Book: Vibrant Rock offers a rare peek into stone sculptures in Bengal

The Hindu
SHIV SAHAY SINGH
July 20, 2014

The first-ever catalogue of stone sculptures collected from different parts of West Bengal, Bihar, and parts of Bangladesh belonging to Brahmanical, Buddhist, and Jain pantheon has been published by Directorate of Archaeology and Museum, Department of Information and Cultural Affairs, Government of West Bengal.

Archaeologists say the first-ever catalogue of historical stone sculptures in the region titled Vibrant Rock contains a comprehensive details of 444 stone sculptures housed in the State Archaeological Museum at Behala in the southern parts of the city, dated between the sixth and 19th century AD.

Most of the stone sculptures belong to Pala-Sena period. However, the unique piece highlighted in this catalogue is a sculpture dating to the 19th century: the specimen is a stone plaque depicting in six different panels the story of birth of Lord Krishna. In each of the panels, there are depictions of the parturition rooms (labour room) in the palaces of Kansa and Nanda. The plaque is accompanied with an inscription in Sanskrit.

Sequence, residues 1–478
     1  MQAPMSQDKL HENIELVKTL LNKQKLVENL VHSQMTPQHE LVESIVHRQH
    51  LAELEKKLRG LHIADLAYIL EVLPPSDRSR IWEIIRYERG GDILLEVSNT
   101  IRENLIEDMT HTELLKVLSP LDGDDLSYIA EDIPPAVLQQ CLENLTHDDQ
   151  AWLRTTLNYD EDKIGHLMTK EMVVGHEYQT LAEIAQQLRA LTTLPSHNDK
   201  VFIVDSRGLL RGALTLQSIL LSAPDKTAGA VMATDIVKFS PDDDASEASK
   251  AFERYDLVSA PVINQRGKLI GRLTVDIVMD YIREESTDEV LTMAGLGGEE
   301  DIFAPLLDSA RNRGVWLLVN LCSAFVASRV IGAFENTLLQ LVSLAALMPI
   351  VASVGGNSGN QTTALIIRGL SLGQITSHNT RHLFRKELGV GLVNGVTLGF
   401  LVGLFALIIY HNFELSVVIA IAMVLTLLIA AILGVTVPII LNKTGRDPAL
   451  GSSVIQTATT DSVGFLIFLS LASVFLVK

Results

Another talked about is the image of Surya, discovered from Mahisantosh in Naogaon district of Bangladesh. The exquisitely sculpted piece of the ninth century is from the time of Pala King Mahendrapala.

“Through Vibrant Rock we have tried to introduce a major collection of sculptures of the region in form of a catalogue. The book offers not only iconography and stylistic affiliation of the sculptures but also an array of information about find spots, modes of acquisition, rock type, and inscriptional detail,” Guatam Sengupta, former director general of Archaeological Survey of India (ASI) and author of the book, said.

The book also deals with a wide range of rocks used in making these historical sculptures such as coarse-grained granite gneiss, ultramafic rock, ballast, chlorite schist, mica, and sandstone.

Sharmila Saha, the co-author of the book, said that an analysis of the sculptures provided in the book will prove useful to identify the influence of regional schools of aesthetics on the broad South Asian Art.

“Not only academicians like archaeologists and historians but laymen interested in ancient Indian heritage are laying their hands on the books,” Rajat Sanyal, an archaeologist of University of Calcutta, said.

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